What is chip welding?
The Chamber reamers that we carry at 4D Reamer Rentals LTD are all High Speed Steel (HSS).
When we inspect reamers upon return from rental we look for a few things.
- Obvious damage of any kind. (dings, chips, modifications, burns, rounded edges to name a few)
- Dirt/metal chips from the reaming process
- Oil (in excess)
- Chip Welding
This last one is the point of this post. Chip welding is the result of several possible causes.
- Quality of the cutting oil, when proper cutting oil is used chip welding is greatly reduced.
- Pushing the tool hard when cutting, i.e. high rpm, fast rate of feed or a combination of the two. Naturally this ties back to the cutting oil too.
- Quality or chemistry of barrel steel as well as the heat treat of the barrel can contribute to this.
- The diameter of the chamber, large diameter chambers with big shoulders are very prone to chip welding.
There are probably more, but these are the common and likely causes.
HOW TO AVOID IT…
So #1, use good quality cutting oil. Its getting harder to find these days but sulfur based cutting oils are the best. There are numerous products on the market that work fine. Spectrum cutting oil from Conoco, Brownells Do-Drill, Vipers Venom cutting oil, and in a pinch even Tap Magic will work. This is not an exhaustive list, just a few you can usually find locally or on the Internet. See if you have a local oil distributor, call and ask what they have?
#2 pushing the tool too hard, you can certainly control this one. Having it you’re way and right now is great for fast food, not so much for machining custom firearms. Use plenty of cutting oil, slow down and put some precision and care into your work. Whether you are a hobbyist or a professional this advice will help you build guns that shoot circles around the competition. Your tools will last longer (and so will ours… LOL) and they will produce a better finish in most cases.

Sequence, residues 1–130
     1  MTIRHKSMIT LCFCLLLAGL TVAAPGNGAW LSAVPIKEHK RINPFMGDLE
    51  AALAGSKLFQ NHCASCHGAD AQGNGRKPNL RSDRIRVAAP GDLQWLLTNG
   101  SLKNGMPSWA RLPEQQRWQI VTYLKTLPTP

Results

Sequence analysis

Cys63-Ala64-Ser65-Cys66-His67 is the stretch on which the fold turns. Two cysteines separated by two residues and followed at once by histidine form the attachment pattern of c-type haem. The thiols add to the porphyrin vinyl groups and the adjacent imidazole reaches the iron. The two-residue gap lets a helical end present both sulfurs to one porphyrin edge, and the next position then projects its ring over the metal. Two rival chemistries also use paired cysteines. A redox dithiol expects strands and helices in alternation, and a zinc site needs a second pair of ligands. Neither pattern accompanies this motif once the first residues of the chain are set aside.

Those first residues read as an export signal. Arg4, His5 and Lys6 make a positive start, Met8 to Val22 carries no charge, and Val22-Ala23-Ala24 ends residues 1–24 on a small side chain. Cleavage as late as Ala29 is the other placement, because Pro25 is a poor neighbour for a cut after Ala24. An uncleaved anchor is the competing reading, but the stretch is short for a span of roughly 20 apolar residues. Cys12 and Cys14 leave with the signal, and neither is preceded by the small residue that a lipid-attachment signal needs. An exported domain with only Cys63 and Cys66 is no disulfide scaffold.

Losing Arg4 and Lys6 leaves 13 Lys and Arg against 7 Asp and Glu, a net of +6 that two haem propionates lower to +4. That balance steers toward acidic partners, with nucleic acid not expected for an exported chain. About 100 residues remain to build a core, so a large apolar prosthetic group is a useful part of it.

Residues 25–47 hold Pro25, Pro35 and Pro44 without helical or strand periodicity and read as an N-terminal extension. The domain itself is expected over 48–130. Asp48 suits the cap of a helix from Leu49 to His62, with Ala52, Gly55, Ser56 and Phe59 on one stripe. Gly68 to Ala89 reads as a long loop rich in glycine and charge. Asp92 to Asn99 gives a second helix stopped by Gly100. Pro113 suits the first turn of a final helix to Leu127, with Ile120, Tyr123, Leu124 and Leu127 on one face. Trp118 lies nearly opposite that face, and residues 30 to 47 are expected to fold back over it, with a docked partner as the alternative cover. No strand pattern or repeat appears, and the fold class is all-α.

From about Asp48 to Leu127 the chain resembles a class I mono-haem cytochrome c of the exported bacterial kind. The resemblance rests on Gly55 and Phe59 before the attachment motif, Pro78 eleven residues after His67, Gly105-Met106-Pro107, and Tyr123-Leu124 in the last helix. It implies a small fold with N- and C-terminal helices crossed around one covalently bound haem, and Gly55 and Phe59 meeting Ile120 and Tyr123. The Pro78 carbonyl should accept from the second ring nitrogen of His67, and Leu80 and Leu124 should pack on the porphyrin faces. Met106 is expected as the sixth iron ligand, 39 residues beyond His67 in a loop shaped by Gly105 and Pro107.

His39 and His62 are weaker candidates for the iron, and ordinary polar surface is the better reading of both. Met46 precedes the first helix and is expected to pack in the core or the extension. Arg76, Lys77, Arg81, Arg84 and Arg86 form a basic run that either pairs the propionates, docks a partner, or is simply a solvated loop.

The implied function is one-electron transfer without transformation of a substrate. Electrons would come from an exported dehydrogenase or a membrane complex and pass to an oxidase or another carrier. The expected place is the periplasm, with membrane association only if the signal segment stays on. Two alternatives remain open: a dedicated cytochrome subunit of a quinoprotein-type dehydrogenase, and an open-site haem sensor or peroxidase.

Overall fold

#3 large diameter chamber benefit from roughing of the chamber. This can be performed with roughing reamer (which are normally used for production work). Chambers can be roughed with a drill bit and boring bar as well. The boring bar is used to tru up the camber to the bore after drilling. This prevents the misalignment of the chamber to the bore. Because the reamer is not forced to cut so much material in a roughed chamber it is far less prone to metal build up.
Barrel steel: Its certain that all the big name barrel makers use certified barrel steel. Even so lots do vary. All you can really do is watch the tool and make sure it is not getting gummed up with chips welded to the cutting edge. Once the chip weld starts it is a progressive build up. Normally it is of little consequence and can be easily cleaned off with a diamond lap or a stone by someone who understands how the tool works. If you stone the outer periphery of the reamer you are ruining the tool in short order. Never stone the outer cutting edges of the reamer. Only stone on the inside of the flute, if you look at the geometry of the tool you will note that stoning there changes the tool a very tiny amount. When you stone the outside the dimensions are changed instantly and often way too much!
Occasionally we have seen guys test cut in some cheap low carbon steel. This will often chip weld immediately.
If you are at all unsure, Do Not Stone!, we will charge you for having the tool resharpened if you damage the reamer.